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In an effort to fill the growing employment gap on Oʻahu, the University of Hawaiʻi Community Colleges will be offering free job skills courses this fall. The initiative, Oʻahu Back to Work, is a partnership of the City and County of Honolulu and the University of Hawaiʻi.

“I would like every struggling Oʻahu resident to check out this great opportunity, really think about the possibilities, and enroll if it seems right for you,” said Mayor Kirk Caldwell. “As we attack the coronavirus with public health measures, we must also attack COVID’s economic toll with our talents and resolve. When one person builds their skills during this crisis, we all benefit. I thank everyone at the community colleges and all the future enrollees for contributing to rebuilding our island home.”

Oʻahu Back to Work is a short-term employment training program that runs from October 5, 2020–December 18, 2020. Instructors at seven University of Hawaiʻi Community College campuses and the Manoa Outreach College will be providing more than 70 courses to Oʻahu participants. The courses will be provided virtually, with a few exceptions for select classes meeting Honolulu. The courses fall under these career fields: Business, Health, Industrial Engineering, Technology, Natural Resources, Public and Human Services, and Trades.

man working on car

“Our goal is to provide 2,000 Oʻahu participants with short term training for jobs that are currently available or will be available in the near future,” said David Lassner, University of Hawaiʻi president. “The courses offered will focus on the skills that employers in each of these sectors indicated are most needed. This training should give participants the tools they need to succeed in our changing and challenging economy.”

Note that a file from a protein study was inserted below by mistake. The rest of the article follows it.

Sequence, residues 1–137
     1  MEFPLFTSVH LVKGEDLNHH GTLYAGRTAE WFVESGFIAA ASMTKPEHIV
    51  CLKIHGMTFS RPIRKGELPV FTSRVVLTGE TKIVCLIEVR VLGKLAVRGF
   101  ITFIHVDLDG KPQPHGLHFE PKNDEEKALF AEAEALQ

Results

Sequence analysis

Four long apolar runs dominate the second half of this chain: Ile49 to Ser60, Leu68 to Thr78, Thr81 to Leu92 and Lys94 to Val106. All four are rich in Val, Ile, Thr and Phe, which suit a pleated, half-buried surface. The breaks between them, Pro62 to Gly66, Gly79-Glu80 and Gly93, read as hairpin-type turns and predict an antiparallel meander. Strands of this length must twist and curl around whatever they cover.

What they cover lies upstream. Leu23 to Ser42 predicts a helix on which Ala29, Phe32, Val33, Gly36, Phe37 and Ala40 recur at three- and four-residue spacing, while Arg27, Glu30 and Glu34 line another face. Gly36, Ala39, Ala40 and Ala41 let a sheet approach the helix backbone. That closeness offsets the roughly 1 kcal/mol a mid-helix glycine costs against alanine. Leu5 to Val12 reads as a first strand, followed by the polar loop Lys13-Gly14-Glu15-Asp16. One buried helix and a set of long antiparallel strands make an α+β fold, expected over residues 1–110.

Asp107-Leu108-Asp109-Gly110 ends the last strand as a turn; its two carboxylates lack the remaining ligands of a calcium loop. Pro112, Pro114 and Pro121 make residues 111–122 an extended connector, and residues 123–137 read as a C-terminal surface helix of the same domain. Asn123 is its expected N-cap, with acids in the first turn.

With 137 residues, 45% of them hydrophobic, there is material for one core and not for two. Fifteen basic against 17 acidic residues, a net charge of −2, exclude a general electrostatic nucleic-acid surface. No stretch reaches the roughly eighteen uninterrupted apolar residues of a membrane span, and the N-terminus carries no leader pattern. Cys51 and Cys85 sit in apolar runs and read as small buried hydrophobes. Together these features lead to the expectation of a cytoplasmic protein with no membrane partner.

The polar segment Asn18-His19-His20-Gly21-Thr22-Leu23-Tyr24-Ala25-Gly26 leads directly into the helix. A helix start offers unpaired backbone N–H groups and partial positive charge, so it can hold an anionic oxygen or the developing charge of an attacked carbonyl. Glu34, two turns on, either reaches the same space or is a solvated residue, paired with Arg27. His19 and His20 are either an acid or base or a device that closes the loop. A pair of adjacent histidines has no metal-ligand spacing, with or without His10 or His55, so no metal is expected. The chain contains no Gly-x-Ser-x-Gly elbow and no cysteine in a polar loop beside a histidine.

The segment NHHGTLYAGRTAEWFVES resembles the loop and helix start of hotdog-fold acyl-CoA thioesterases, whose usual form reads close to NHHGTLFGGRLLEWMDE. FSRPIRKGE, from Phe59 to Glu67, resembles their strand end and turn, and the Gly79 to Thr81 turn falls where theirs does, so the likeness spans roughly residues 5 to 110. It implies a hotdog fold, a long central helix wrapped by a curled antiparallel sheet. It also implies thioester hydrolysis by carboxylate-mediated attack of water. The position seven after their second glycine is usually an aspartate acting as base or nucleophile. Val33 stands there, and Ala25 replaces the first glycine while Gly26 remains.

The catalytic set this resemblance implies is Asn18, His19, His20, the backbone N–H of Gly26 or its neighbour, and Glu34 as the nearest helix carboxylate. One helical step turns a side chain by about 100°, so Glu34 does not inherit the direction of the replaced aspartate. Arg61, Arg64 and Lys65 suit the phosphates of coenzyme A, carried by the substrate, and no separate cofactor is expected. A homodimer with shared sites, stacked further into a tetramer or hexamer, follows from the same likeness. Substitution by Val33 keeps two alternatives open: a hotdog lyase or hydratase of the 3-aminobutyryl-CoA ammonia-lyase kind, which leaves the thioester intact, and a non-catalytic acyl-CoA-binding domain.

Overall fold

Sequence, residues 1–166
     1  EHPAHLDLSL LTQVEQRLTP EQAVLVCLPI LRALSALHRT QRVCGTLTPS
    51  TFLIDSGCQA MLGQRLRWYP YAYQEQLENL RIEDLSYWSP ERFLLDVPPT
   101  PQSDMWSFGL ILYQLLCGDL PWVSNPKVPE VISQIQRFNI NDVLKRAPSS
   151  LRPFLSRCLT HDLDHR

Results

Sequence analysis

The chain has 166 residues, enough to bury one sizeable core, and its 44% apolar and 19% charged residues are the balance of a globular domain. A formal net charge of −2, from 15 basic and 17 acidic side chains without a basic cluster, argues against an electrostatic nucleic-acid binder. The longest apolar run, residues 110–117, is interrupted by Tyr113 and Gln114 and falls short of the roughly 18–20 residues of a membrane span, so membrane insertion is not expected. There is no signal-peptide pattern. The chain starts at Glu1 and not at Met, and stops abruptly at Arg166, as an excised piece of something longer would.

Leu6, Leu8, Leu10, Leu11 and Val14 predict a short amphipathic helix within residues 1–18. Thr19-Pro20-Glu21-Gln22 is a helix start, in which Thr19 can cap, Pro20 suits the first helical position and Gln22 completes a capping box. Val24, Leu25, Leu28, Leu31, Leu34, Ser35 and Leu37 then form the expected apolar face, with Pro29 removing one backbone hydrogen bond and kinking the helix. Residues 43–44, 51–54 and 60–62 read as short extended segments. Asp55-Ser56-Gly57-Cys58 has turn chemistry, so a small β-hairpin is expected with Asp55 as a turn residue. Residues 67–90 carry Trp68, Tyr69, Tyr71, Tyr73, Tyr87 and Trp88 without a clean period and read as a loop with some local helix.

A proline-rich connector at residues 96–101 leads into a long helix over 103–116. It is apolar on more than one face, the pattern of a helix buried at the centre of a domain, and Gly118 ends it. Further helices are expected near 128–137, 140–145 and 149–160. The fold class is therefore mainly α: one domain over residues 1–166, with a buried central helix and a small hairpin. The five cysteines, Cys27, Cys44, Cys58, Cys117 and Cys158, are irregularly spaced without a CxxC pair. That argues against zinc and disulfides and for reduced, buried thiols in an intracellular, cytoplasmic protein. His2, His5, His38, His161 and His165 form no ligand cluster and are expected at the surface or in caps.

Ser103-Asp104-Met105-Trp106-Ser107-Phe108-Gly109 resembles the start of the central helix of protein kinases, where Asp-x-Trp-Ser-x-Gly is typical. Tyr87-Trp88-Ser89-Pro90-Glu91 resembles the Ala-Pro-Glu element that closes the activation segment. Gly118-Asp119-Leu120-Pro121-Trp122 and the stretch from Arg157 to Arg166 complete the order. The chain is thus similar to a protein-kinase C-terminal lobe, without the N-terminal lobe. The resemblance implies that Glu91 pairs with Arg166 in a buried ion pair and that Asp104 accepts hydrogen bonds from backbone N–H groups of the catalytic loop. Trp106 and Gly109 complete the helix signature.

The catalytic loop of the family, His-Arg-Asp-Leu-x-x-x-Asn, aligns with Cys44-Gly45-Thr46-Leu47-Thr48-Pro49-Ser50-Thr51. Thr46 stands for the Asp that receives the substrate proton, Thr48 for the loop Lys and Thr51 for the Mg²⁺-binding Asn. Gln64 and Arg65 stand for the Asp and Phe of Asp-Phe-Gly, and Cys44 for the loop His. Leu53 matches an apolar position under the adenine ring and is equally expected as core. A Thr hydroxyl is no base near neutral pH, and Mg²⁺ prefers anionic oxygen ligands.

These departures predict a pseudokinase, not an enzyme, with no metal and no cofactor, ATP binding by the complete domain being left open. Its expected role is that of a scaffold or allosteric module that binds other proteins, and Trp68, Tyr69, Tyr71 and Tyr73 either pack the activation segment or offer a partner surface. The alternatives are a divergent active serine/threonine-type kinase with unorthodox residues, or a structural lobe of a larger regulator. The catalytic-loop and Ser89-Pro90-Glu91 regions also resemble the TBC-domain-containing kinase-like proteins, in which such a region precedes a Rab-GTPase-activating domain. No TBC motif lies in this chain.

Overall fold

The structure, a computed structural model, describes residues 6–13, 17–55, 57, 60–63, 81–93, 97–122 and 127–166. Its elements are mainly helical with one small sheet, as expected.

The coronavirus pandemic and subsequent emergency orders have dramatically resulted in negative impacts on the State’s economy and displaced many workers. In August 2020, the City and County of Honolulu’s non-seasonally adjusted unemployment rate was 11.8% compared with 3.4% the prior August; July 2020 counts reflected nearly 48,000 unemployed civilians in Honolulu and likely undercounted those who would be considered “marginally attached” to the labor market or who are not eligible for unemployment—those who are self-employed—and do not appear in the unemployment counts.

Healthcare Association of Hawaiʻi President and CEO Hilton Raethel said, “We appreciate the efforts by the University of Hawaiʻi System and the Mayor to get this initiative going. The type of training that it will provide helps to build a pipeline of high-quality staffing for our healthcare organizations; and, it could not have come at a better time when people need the work.”

Eligible participants must be Oʻahu adults whose employment was disrupted by COVID-19 impacts such as reduced hours, furloughs, or job loss.

To learn more, view available courses, and sign up visit

—By Kelli Abe Trifonovitch

Oʻahu Back to Work news conference

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